dcsimg
 

The Most Troubling Part of the FTC Case Against Qualcomm

Thursday Jan 31st 2019 by Rob Enderle

Attending the final hours of this FTC trial raised several serious and troubling questions about this proceeding and future ones among tech companies and government agencies.

I attended the closing arguments for the FTC anti-competitive case against Qualcomm, and I was deeply disturbed by what I saw (a lot of us are having issues with this case). The FTC’s closing arguments seemed to be a collection of poorly applied anecdotes, questionable testimony, and a dramatically disproven theory, all thrown out in an unorganized, rapid fire delivery, interspersed with name calling.

It felt like Apple had somehow employed the FTC to act against Qualcomm and the FTC was showcasing a rebellion to being directed by a company that should, itself, have been on trial. The judge hasn’t ruled yet, but she likes to rule quickly and seemed to side with the FTC early on. That now seems far less certain. (Judge Koh, the federal trial judge, seemed very engaged in the case and seemed to pivot toward allowing Qualcomm to provide a more robust defense than she initially signaled she would allow.)

Let me walk you through my concern.

First, a Correction

Last week, I also wrote about the FTC trial as well, given that I was observing it in person. I gave a representation of how much Apple wanted discounted on its license from Qualcomm. I said the company should be paying around $13, it was discounted to $7.50, and wanted $6. I can see my mistake was in thinking that Apple was being somewhat reasonable. But, in fact, now that I’ve reread the testimony, the company wanted to initially drop its cost to $1, which was revised upward to $1.50. So instead of wanting a $1.50 additional discount, which is how I initially read this, Apple actually wanted a $1.50 price on a license that sold for $13. If that doesn’t demonstrate the potential for excessive market power, but by Apple, not Qualcomm, I don’t know what does.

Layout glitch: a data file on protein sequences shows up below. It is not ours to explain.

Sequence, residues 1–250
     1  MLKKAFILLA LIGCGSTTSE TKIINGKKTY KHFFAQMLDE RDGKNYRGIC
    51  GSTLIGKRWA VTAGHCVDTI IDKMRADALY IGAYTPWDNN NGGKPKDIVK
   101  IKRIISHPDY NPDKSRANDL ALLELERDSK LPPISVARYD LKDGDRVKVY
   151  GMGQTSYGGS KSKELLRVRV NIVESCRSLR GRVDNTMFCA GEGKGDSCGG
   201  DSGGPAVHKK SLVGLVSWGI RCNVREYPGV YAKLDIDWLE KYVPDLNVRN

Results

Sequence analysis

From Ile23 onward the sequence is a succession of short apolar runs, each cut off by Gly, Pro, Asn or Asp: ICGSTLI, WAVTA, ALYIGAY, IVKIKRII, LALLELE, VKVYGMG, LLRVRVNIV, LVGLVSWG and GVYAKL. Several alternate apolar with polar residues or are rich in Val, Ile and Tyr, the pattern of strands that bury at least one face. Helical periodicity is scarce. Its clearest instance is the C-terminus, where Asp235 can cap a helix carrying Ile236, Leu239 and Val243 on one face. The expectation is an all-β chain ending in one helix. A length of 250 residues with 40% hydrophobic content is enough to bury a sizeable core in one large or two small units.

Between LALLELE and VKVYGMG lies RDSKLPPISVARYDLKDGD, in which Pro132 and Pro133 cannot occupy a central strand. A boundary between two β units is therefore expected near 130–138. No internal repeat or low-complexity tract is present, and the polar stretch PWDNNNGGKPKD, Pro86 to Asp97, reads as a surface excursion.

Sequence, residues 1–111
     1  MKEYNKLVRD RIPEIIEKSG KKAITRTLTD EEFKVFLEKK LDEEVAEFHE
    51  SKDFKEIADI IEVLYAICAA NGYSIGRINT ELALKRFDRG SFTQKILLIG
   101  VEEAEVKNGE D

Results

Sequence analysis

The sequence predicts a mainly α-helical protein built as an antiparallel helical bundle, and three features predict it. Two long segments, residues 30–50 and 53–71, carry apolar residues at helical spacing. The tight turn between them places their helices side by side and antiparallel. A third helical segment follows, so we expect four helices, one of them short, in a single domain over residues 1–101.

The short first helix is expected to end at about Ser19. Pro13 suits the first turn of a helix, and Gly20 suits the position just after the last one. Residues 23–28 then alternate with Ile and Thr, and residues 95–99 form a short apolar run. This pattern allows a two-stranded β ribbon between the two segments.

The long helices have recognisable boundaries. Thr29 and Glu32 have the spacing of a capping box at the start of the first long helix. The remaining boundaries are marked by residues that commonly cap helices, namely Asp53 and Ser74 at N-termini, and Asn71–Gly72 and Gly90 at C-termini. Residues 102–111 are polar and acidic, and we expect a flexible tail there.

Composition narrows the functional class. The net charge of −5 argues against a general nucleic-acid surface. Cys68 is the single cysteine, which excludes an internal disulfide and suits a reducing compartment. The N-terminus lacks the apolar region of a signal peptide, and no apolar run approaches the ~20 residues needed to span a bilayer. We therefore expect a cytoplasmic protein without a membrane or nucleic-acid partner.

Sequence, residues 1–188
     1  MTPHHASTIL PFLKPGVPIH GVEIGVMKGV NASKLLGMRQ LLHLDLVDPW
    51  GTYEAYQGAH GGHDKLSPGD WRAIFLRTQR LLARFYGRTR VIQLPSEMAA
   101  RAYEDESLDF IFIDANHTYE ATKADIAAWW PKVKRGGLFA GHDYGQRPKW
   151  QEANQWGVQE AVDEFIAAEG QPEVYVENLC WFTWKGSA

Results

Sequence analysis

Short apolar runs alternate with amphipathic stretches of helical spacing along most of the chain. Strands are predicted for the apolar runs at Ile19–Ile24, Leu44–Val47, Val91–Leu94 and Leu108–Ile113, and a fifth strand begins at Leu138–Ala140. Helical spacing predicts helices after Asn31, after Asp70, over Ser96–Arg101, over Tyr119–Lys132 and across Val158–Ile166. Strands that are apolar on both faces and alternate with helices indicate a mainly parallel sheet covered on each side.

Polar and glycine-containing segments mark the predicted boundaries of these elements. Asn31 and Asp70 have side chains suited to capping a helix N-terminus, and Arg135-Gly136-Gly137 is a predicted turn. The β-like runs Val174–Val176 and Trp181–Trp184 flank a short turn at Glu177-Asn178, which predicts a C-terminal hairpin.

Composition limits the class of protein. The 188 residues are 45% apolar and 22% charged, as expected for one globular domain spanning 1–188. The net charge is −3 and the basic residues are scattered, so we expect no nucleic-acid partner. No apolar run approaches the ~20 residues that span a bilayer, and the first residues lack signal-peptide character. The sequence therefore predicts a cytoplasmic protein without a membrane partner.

Let’s say you were selling something for $13 and you offered a discount of about half off for volume and got agreement. Then the buyer came back later, after they got the product, and said, you know what, I only want to pay $1.50 and I’m not going to give you any of your money until you agree. I can think of a lot of responses, none of which would be “gosh, that’d be great!” If you had to agree, that should indicate that the other party had excessive power. Apple’s position is that Qualcomm had to agree and didn’t. Why wasn’t Apple on trial instead of Qualcomm?

Who Has Excessive Market Power?

In the close, one FTC presentation had me almost yelling. They argued that one of their proof points that Qualcomm was abusing monopoly power was that every time Apple asked for a concession, Qualcomm wanted one back. In short, Apple would ask for a deeper discount and Qualcomm had the nerve to ask for more volume or some other Apple concession. It seemed like the FTC was saying Qualcomm’s ability to counter-offer the massively powerful Apple indicated that Qualcomm had excessive market power.

But, if you think about it, any firm that can dictate prices to a supplier unilaterally would by definition have excessive market power. That would be Apple, not Qualcomm. It looked like the FTC, which is staffed by capable attorneys, was intentionally highlighting bad Apple behavior but, instead of flagging Apple, was showing Qualcomm as the bad actor.

The FTC Case Was a Mess